October at the Kabukiza Theatre||KABUKI WEB

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October at the kabukiza

October at the Kabukiza Theatre

Daily: Oct 01 (Sun) - Oct 25 (Wed), 2017

Matinee:11:00 AM

Evening Show: 4:30 PM

Time Schedule

On sale: from Sep 12 (Tue), 2017 10:00AM(JST)

Box Seat: 20,000/
First Class: 18,000 / Second Class : 14,000/
Upper Tier A: 6,000 / Upper Tier B: 4,000
Unit: Japanese Yen (tax included)

Kabukiza Theatre (at TOKYO) Theatre Information

  • Book Ticket

This month, ‘The War Chronicles of the Mahabharata’ is performed in the Matinee, commemorating 'The Year of Japan-India Friendly Exchanges'. It is a new Kabuki production adapted for the first time from one of the world’s three greatest epics. In the Evening Show, there is a famous early 20th century play, ‘The Setting Moon and the Fall of Osaka Castle’. Following this, there is a rare performance of an 18th century work named ‘The Story of the Chinese Ambassador’, after which is the dance, ‘Various Flowers of Autumn’ featuring Bandō Tamasaburō.


[The War Chronicles of the Mahabharata]

Onoe Kikunosuke
Princess Kunti
Nakamura Tokizō
Indra, the god of lightning
Nakamura Ganjirō
Princess Duryodha
Nakamura Shichinosuke
Prince Arjuna / Brahma
Onoe Matsuya
Ichimura Manjirō
King Drupada
Ichikawa Danzō
Bandō Rakuzen
Surya, the Sun god
Ichikawa Sadanji
Narayana / Hermit Krishna
Onoe Kikugorō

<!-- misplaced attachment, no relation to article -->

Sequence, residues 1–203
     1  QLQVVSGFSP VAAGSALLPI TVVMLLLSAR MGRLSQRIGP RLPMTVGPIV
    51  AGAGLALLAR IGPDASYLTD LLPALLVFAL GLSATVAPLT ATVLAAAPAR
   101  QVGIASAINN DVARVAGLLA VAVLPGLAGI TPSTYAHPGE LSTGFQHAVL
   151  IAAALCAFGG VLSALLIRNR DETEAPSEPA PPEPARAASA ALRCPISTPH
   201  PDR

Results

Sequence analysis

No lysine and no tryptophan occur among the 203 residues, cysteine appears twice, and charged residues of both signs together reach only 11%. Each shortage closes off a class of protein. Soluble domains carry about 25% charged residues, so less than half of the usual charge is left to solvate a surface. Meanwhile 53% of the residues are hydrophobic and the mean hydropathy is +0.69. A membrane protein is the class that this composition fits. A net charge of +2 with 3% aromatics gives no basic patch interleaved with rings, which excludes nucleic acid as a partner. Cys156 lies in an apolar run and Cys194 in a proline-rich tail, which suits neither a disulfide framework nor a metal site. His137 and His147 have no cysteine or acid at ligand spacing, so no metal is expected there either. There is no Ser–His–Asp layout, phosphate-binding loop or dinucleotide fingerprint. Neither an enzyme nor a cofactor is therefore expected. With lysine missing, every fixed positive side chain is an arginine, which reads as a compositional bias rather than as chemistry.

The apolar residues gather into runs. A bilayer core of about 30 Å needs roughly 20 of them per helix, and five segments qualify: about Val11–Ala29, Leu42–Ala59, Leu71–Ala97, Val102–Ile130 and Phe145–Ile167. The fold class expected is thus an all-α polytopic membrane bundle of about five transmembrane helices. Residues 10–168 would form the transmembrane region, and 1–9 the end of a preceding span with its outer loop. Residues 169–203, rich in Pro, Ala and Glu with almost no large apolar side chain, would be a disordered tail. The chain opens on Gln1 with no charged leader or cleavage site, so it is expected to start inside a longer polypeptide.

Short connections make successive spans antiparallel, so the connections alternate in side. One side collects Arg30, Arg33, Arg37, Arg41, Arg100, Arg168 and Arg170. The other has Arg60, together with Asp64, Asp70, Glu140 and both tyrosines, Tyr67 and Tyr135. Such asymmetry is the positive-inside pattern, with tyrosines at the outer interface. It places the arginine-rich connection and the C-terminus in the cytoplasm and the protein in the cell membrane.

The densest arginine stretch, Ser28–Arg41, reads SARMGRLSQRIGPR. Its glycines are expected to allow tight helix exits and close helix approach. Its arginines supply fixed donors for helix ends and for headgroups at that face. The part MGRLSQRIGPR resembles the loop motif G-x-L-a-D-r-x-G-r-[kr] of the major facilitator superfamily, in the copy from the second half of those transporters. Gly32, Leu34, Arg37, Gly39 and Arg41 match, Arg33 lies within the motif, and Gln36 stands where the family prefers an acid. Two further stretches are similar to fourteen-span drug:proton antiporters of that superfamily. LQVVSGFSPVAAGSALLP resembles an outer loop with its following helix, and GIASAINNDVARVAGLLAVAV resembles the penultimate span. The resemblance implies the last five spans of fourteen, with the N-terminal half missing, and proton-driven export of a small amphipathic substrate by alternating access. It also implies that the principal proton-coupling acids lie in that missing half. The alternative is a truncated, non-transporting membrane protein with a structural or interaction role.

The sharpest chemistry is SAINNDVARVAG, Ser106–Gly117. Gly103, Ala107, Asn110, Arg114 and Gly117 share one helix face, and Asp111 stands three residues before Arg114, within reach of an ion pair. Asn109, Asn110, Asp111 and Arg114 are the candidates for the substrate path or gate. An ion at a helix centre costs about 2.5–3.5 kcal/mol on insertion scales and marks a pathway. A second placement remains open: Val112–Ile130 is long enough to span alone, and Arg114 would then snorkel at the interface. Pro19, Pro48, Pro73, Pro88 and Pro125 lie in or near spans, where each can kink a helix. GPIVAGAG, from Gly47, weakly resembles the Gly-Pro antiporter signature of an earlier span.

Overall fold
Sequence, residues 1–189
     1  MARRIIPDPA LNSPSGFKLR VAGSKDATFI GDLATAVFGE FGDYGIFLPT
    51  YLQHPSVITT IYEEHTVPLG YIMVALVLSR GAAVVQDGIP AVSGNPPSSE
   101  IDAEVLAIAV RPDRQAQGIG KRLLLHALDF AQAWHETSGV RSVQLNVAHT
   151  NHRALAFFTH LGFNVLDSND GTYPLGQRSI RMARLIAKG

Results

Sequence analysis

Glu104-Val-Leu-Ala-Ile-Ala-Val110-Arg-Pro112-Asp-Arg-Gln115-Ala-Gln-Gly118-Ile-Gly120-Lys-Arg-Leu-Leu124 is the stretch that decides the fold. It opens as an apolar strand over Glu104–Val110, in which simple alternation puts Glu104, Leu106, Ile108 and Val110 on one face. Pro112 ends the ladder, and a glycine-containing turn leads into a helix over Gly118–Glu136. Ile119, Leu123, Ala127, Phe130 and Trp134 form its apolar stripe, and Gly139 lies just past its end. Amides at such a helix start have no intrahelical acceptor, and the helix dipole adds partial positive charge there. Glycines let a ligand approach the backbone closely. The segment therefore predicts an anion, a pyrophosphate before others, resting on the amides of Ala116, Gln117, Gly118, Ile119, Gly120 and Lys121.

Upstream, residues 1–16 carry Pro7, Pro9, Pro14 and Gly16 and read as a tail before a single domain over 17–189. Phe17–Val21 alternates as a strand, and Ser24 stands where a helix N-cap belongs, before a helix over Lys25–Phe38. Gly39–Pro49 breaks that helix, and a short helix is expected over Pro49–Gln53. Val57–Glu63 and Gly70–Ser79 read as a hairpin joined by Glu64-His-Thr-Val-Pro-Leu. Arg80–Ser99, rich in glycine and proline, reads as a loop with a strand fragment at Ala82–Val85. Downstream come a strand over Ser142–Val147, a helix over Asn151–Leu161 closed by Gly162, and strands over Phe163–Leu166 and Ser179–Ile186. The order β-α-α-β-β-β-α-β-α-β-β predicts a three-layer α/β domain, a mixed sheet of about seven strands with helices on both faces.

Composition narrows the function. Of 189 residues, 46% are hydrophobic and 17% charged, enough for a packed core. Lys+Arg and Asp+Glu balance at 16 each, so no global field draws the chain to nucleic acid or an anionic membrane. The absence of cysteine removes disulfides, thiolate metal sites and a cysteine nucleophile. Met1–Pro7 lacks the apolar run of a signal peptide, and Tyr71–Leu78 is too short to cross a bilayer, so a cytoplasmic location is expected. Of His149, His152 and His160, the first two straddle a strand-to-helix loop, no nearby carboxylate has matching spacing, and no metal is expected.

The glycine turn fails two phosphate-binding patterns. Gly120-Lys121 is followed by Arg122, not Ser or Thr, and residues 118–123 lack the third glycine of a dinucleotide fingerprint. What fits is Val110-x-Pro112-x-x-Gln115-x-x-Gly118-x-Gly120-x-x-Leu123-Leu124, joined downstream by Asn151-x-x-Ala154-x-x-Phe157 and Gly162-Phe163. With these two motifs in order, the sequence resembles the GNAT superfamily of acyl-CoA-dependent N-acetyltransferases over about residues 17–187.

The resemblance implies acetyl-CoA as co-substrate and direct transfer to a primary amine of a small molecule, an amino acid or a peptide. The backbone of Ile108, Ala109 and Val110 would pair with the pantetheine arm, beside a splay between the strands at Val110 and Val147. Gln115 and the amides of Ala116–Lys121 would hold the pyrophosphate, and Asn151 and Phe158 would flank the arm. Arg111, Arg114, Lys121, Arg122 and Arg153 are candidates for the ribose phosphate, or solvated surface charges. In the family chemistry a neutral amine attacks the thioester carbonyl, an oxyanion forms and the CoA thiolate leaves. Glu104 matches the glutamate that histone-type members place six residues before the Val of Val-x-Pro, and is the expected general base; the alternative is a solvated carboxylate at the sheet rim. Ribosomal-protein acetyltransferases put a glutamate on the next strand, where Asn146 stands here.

This is a new Kabuki production adapted for the first time from the Mahābhārata, one of the world's three greatest epics, the other two being 'The Iliad' and 'The Odyssey' of ancient Greece. The Mahābhārata is a mythical epic of ancient India and one of the two greatest Indian epics together with 'The Ramayana'. We are in the place where the gods assemble. Many gods such as Narayana, Surya, Mahakala, Indra, Brahma and Shiva look down on the human world. Shiva is astonished at the absurdity of human beings and laments their state. Surya begets a child by the very young Princess Kunti and tries to make him a savior to reign over the human world peacefully. But Taishakuten is opposed to the Surya. He also begets a child by Princess Kunti and intends to have him rule the human world by force. Surya's child is Karna and Indra's child is Arjuna. Princess Kunti gives birth to Karna, but she floats him down the Ganges. The years pass by and Karna grows up to be a youth of natural born abilities. As he bids his parents farewell to travel for archery training, his mother Rana confides to him that she is not his real mother. Karna comes to the capital where five princes including Arjuna, who are brought up as members of the royal family, are in competition for the throne against Karna's cousins, Princess Duryodha and her brother. Hermit Krishna arbitrates and they agree to decide which one deserves the throne by way of a tournament. Karna also takes part in the tournament and confronts Prince Arjuna, but he is mistreated as his origins are unknown. Noticing that Karna is her son whom she floated down the Ganges, Princess Kunti falls senseless and the tournament is called off. Karna bears a grudge against the five princes and he goes with Princess Duryodha. More years pass and the rivalry for the throne becomes more intense. Prince Arjuna laments over the vanity of the situation that has relatives oppose each other, but despite that, the war begins in Kurukshetra. Karna takes Princess Duryodha's side and confronts the five princes including his predestined rival, Prince Arjuna.